(2010) MacDonald, Michael B.
    Until now folk music festivals in western Canada have not been systematically surveyed nor has their operation been theorized as a mode of creative production. This work develops a historically grounded approach to folk music as a means of social production and challenges the idea that folk music is only a music genre. I conclude, using a theoretical approach developed by Deleuze and Guattari, that contemporary folk music festivals make use of social capital to establish a folk music assemblage. This assemblage provides an alternative, non-centralized, and increasingly global alternative for the flow of music capital. Folk music is no longer a style of music but a mode of doing business in music that is socially oriented and politically and economically potent.
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    Research in the creative and performing arts
    (2014) Gilliland, Allan
    What research is for a composer and how the work is disseminated.
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    Eighty-eight drums: the piano as percussion instrument in jazz
    (2011) Van Seters, Tom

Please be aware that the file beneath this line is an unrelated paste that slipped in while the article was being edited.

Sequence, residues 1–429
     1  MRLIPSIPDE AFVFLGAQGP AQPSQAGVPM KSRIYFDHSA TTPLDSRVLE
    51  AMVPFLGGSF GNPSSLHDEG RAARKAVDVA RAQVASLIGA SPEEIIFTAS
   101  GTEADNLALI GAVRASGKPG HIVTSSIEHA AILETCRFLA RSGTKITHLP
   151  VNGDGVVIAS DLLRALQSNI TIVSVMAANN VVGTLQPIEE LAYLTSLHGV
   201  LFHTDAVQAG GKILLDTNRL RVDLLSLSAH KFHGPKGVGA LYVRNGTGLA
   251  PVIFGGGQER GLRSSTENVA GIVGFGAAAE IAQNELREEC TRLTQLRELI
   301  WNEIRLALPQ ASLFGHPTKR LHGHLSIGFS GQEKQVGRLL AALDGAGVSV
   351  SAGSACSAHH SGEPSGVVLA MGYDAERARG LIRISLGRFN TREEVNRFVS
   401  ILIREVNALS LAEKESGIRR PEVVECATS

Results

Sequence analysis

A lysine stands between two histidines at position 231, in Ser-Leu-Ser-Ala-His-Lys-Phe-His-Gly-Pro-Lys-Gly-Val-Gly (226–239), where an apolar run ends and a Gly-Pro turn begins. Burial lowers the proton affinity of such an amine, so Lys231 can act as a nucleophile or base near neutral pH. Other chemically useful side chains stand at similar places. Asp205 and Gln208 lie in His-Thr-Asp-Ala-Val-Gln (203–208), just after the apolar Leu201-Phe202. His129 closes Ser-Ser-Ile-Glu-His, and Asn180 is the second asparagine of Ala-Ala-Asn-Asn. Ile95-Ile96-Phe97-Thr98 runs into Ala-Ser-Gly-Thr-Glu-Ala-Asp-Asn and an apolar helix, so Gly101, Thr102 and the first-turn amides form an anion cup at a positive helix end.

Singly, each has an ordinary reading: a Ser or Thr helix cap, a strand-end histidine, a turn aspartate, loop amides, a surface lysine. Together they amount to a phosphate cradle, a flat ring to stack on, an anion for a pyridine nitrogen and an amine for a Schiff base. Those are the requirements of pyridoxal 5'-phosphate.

Evidence of a link between piano and drumming performance practices in western music dates back to at least the mid-nineteenth century. The modern construction of the piano had yet to be fully standardized when percussive techniques were being applied to its keyboard. Since that time, pianists and drummers (especially those involved with the creation of groove-based music) have grown closer and closer, participating in what remains a richly symbiotic relationship. This study examines parallels between piano and drumming performance practices in jazz. In this context, drumming is acknowledged as an important inspiration guiding the expression of rhythm and percussive attack by non-drummers, pianists in particular. Historical connections between pianism and drumming in jazz are addressed through an examination of those legacies that are widely believed to derive from West African drumming, European march and dance traditions, and various aspects of the so-called "Latin tinge" from the Caribbean and South America. Playing techniques are compared in part based on the premise that similarities in musical output flow naturally from congruencies in instrumental architecture. Percussive action unites pianists and drummers, as do shared abilities to create rhythmic layers through the independent functioning of multiple limbs. A discussion of ensemble roles reveals conceptual links, especially with regard to time-keeping, "comping," and mutual approaches to the creation of groove and swing. Transcriptions are employed to illustrate instances of widely adopted drumming-like gestures from the history of jazz with special attention paid to rhythmic counterpoint, complementation, and rudimental sticking patterns used by jazz pianists since the 1960's. Though a statistically small sample, interviews with ten professional jazz pianists support the essential findings of the study. Questions are raised throughout regarding the effectiveness of traditional jazz pedagogy in emphasizing the importance of drumming to non-drummer instrumental praxis.